An Introduction To Muay Thai

All across the world, people have heard about it and possibly even witnessed it first hand or on television – the furious punches, bone crushing elbows, lethal and piercing kicks, and the impressive knees. Although watching it on television is great, nothing compares to seeing these moves executed live – with thousands of fans cheering the fighters on.

This is the wonderful world of Muay Thai. Muay Thai or Thaiboxing is a martial art that is unlike any other, rich in the proud heritage of an entire nation. The style is interwoven into the well known history of the Thai people. Even though they are gentle and fun loving people, they’ve  had to defend both themselves and their land for many years against other countries.

To protect what they had, the Thai people developed a fighting system of close combat techniques that were suited to the type of rough terrain they would be fighting in. Over the years, it eventually became a rite of passage for all Thai men to train in this amazing martial art.

In the beginning, Muay Thai proved to be a dangerous and deadly art, with the fighters having no safety gear or protection – all they had were lengths of cords in which they would wrap around their fists as gloves. As the years progressed, rules were written into the equation to establish some protection for the fighters.

Over the years, Muay Thai has gained a lot of fame, attracting people from all over the world. There are training facilities with qualified instructors almost anywhere nowadays.

These days, Muay Thai is one of the most popular sports in the world. There are a lot of television networks that broadcast Thai title bouts on a weekly basis, pleasing avid fighting fans from all over the world. International boxing is another popular sport, although most successful International boxers got their start in Muay Thai. This goes to show why Muay Thai training is so popular – and so lethal as well.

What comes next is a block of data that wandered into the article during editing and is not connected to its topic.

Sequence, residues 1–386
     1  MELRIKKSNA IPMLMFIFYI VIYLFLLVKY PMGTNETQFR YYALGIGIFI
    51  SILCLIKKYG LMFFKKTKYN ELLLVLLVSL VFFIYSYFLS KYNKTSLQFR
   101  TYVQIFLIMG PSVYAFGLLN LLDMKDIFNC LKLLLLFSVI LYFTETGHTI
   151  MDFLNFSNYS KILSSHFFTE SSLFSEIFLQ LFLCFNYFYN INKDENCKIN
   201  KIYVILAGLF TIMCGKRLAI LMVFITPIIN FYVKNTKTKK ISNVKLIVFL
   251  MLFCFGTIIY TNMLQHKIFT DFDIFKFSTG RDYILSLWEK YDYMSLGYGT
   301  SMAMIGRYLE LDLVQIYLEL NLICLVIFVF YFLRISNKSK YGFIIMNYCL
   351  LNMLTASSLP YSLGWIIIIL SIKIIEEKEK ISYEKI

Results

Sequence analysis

Normally, fights in Thailand are fought with 5 three minute rounds, with a two minute rest period in between the rounds. All fights are preceded by a Wai Khru, which gives the contestants the opportunity to pay homage to their teachers, parents and ancestors. The „dance“ also is an excellent method to warm up with, with a lot of symbolic meaning.

During the fights and even with training, you’ll see that each Thai boxer wears prajiads (armbands)  and a mongkol (headband). The headband that fighters wear is believed to have been blessed by a monk or teacher, and will bestow luck upon the fighter. Thai boxers take a lot of pride in their training and fighting, with the headband being a source of inspiration and pride for the fighter.

During training, Thai fighters will learn a lot about their spiritual well being, the history of Muay Thai, and the skills they need to survive. Fighters that plan to compete in Thai fights will need to practice a lot, as the fights can be very demanding. Thai training can be very brutal, all depending on where you study. If you are studying the ancient arts of Thai boxing, you can count on the training to be very rigorous and demanding.

Although Muay Thai can be a tough art to practice, it is one of the greatest and most powerful martial arts that you can study. Most of the techniques are lethal, the training is tough – yet the competitions, the improved overall fitness and better life quality make it all worth while!

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